In defense of serious play

Erkki Vettenniemi
Department of History and Ethnology, University of Jyväskylä

Jonny Hjelm Idrott, tävling och allvar: En kritisk granskning av svensk idrottsforskning 196 sidor, hft. Malmö: Bokförlaget 2015 (Malmö Studies in Sport Sciences, Vol. 18) ISBN 978-91-85645-18-3
Jonny Hjelm
Idrott, tävling och allvar: En kritisk granskning av svensk idrottsforskning
196 sidor, hft.
Malmö: Bokförlaget 2015 (Malmö Studies in Sport Sciences, Vol. 18)
ISBN 978-91-85645-18-3

When the going gets serious, how serious does it actually get? Is it possible to define the pinnacle of seriousness?

The Finnish satirist Bisquit’s (Seppo Ahti) query is relevant not only in Finland; it ought to be posed in neighboring Sweden, too, as implied by Jonny Hjelm’s pamphlet Idrott, tävling och allvar. While tävling means competition and allvar seriousness, idrott is best translated as physical exercise. Hjelm himself is a professor of history and his “critical review” (as the subtitle puts it) comes with hundreds of footnotes. Yet the authorial voice is that of a debater, and there is nothing wrong with it. Let’s call it an academic pamphlet, then.

To put it mildly, Hjelm is unhappy over the state of sports studies in Sweden. Influential colleagues of his cannot even define the multifaceted key word idrott; instead of engaging their mental faculties they hasten to denounce competitive physical activity in toto. Down with competition, long live lovely little games! After having perused dozens of academic titles by prominent scholars, Hjelm presents more than twenty mostly misleading translations of “modern sport” (p. 92–95). The dizzying list proves at least one thing: sport is in the eye of the beholder.

As I see it, Hjelm is perfectly entitled to lament the terminological confusion and its consequences. According to him, sloppy scholarship has contributed to an excessively negative understanding of sport, which, in turn, has made a lasting imprint on Swedish decision-makers. For a long while, “playful activities” have been uncritically extolled in Swedish schools at the expense of sportive contests (and the trend is similar elsewhere in Scandinavia). Play can be a serious affair for kids and competition is not necessarily bad for their health, Hjelm insists, and I have no reason to challenge his judgment on either count.

Hjelm has sprinkled the compact text with delightfully argumentative passages, as befits a pamphlet. On page 19, for example, he suggests that criticism of sport reflects our “late-modern” society’s “hedonistic” current. I always thought that there were far more hedonists on the other side of the fence! Further, on page 118 Hjelm conceives football and other team sports as “social activities” the main purpose of which is to provide opportunities for “moral growth”. Few people would oppose anybody’s moral development, I guess. Judging by recent headlines, however, the most prominent products of the football industry are greed and corruption. Is that an acceptable price for some lucky boys’ and girls’ moral advancement?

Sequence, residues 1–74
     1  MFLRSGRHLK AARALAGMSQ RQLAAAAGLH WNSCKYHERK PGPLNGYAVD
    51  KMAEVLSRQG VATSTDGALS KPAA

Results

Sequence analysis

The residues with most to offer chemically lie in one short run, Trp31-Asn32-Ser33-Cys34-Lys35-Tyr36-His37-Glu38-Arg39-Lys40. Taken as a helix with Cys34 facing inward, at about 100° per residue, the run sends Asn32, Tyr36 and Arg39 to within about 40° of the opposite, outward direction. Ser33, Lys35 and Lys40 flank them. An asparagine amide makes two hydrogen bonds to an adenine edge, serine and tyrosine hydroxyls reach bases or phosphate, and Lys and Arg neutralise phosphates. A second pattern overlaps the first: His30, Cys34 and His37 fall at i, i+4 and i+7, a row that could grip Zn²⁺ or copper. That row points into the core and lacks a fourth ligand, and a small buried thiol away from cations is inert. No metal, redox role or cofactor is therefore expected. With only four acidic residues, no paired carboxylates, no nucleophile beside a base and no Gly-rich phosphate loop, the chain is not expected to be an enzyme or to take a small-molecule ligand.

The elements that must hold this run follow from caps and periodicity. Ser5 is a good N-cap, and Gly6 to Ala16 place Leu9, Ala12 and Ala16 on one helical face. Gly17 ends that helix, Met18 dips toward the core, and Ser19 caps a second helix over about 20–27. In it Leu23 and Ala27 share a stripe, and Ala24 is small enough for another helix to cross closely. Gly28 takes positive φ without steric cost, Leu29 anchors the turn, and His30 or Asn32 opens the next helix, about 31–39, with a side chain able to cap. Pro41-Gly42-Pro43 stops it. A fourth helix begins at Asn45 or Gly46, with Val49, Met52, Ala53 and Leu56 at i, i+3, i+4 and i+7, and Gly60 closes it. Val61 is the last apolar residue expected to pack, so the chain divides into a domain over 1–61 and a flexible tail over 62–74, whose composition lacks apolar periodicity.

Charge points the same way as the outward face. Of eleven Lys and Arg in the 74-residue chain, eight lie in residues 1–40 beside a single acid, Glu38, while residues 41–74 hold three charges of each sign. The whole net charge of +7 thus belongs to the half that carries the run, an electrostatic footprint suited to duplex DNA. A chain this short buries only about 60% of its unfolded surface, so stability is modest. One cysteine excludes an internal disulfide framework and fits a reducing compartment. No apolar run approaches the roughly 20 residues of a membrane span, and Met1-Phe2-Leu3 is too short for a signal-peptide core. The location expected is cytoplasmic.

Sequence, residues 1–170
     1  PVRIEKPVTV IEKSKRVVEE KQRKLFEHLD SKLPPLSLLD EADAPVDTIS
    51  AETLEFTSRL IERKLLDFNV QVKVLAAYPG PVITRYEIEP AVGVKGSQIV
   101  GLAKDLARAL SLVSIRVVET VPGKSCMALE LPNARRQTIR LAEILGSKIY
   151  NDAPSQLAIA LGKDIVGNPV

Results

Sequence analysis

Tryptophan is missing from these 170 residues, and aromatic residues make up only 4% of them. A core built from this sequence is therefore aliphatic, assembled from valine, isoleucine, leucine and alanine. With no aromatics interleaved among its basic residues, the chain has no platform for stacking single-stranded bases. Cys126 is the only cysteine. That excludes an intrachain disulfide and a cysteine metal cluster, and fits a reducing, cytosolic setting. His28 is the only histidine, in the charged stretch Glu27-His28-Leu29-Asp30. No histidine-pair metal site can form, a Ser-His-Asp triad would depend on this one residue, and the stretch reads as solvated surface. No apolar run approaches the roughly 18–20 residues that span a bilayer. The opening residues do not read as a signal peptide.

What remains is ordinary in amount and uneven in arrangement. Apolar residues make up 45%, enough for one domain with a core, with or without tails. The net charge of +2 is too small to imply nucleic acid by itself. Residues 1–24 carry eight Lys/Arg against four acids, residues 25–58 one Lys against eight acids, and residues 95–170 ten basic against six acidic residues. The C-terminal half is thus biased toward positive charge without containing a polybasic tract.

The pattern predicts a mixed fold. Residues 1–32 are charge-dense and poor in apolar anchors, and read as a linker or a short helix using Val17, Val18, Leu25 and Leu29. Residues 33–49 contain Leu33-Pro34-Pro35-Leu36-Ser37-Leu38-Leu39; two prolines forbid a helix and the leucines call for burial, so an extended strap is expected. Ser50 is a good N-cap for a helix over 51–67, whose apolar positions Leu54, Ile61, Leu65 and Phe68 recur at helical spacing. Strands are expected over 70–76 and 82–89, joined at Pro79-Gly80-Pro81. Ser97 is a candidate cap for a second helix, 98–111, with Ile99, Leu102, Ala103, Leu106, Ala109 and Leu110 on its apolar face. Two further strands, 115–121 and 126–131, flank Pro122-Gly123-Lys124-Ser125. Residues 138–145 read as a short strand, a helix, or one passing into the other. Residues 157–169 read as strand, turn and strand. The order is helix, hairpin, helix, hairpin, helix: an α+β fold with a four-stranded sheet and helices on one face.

Since the bulk of the book is comprised of previously published essays, unnecessary repetition occurs here and there. That the author has chosen to focus on Sweden is, of course, a legitimate choice, but when he briefly refers to non-Swedish scholars, the outcome is an eclectic list of illustrious names ranging from Huizinga and Bourdieu to Eichberg and Heinilä (pp. 19–20, 78, 132). In addition, Finnish historian Seppo Hentilä is mentioned twice but Kalevi Heinilä only once, which must be a blunder. Hentilä’s publications are not relevant in this context.

On the very last page, Hjelm pleads with his colleagues to show more respect for the “subjective feelings” of athletes and other moving bodies. It is a fair demand, though I don’t quite understand why participants should possess the ultimate truth of any “social activity”, let alone sport, which can also be conceptualized as a social construct. One does not have to be a postmodern advocate of hedonism or extreme constructivism to recognize the power of discourse. Some might even recall the good old notion of false consciousness. Elite athletes, too, have mastered the art of “fun talk”, whether their battered nose is still bleeding or not. They just love sport, it is the enjoyment that really matters, and what’s wrong with putting up a good show, anyway?

All of which takes us back to the original query. What might be the pinnacle of seriousness? It is the precise moment when your favorite sports commentator suddenly blurts out, “But it’s only a game!”

Jonny Hjelm’s contemplative pamphlet is far from being playful; it is an earnest call for nuanced scholarship, and as such it deserves to be taken seriously by students of sport and all manners of physical activity. No academic discipline has ever suffered from an overdose of self-reflection. May I expect Hjelm to extend the dead serious debate to non-Swedish sources?

Copyright © Erkki Vettenniemi 2016

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